Northern Cameroons was soon absorbed and integrated into Nigeria, although transnational tribal ties linger, as they do across Africa. But Southern Cameroons faced the prospect of joining a much larger country where everyone spoke French and where many were in thrall to French culture. It was nervous, but initially the 2 former colonies formed a federation, where each had its own government and prime minister, with a president presiding over a weak central government in Yaoundé (in the French zone). But Cameroon’s founding father, Ahmadou Ahidjo, like most other African leaders, eventually came to crave more power and crushed all opposition to his rule. This included pesky West Cameroon, which was fully absorbed into a unitary republic in 1972 (hence the date on the map above).
English-speakers (“Anglophones”) were mollified by constitutional guarantees that their language would be respected; Cameroon is officially bilingual. Anglophones are often appointed as ministers in the national government. The unique administrative structures set up by Britain also remain intact. But Cameroon is a dictatorship; its president, Paul Biya, has clung onto power since 1982, which makes him 1 of what are derisively called Africa’s “dinosaurs” (really long-serving rulers). Threats to his power — or to national unity — are not tolerated.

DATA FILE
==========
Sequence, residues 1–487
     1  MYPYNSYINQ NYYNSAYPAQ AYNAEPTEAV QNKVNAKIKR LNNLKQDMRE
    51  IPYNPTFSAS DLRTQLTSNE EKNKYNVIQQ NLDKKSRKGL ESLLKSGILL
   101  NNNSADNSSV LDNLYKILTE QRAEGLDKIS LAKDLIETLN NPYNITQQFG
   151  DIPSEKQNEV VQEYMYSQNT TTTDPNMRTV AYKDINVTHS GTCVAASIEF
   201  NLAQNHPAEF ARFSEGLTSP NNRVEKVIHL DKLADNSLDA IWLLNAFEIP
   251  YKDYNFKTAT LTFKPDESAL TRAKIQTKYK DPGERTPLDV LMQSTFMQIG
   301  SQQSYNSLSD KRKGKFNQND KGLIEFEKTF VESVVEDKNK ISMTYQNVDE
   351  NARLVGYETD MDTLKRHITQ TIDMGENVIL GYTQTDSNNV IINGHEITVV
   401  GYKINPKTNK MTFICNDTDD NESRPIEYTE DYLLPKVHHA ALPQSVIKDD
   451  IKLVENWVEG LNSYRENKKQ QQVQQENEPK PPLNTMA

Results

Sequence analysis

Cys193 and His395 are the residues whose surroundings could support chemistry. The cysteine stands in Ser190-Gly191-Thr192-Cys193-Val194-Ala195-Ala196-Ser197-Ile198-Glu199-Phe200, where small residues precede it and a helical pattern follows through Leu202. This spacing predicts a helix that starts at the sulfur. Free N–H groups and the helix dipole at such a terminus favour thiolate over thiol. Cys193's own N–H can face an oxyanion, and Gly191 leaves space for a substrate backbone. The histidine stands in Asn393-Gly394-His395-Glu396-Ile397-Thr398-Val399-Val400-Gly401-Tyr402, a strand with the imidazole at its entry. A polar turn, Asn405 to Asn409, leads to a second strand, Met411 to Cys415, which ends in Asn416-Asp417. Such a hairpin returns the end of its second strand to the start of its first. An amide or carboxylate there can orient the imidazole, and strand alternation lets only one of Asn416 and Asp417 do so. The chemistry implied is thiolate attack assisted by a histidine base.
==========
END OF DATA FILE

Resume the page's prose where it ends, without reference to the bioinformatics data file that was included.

Anglophones complain that they are 2nd-class citizens in their own country. French-speaking (“Francophone”) judges sent to their regions don’t understand British “common” law (France uses a different law code promulgated by Napoleon). Francophone teachers sent to their schools can’t easily communicate with their students. Yaoundé generally ignores the west or takes it for granted, since the region is cloaked by a veil of English.
Some Anglophones go even further and complain that they are actively discriminated against. Government funds are often linked with the tribal ties of the relevant ministers in Africa, and when the national government is dominated by Francophones, that means West Cameroon goes undeveloped. Attending school in the rest of Cameroon or getting a job in the big cities (both of which are Francophone) is hard for Anglophones, since they can’t understand their teachers or coworkers. There is widespread suspicion that, in the name of national unity, the bilingualism drive is really just a way to get all Cameroonians to speak French — something many Anglophones are reluctant to do.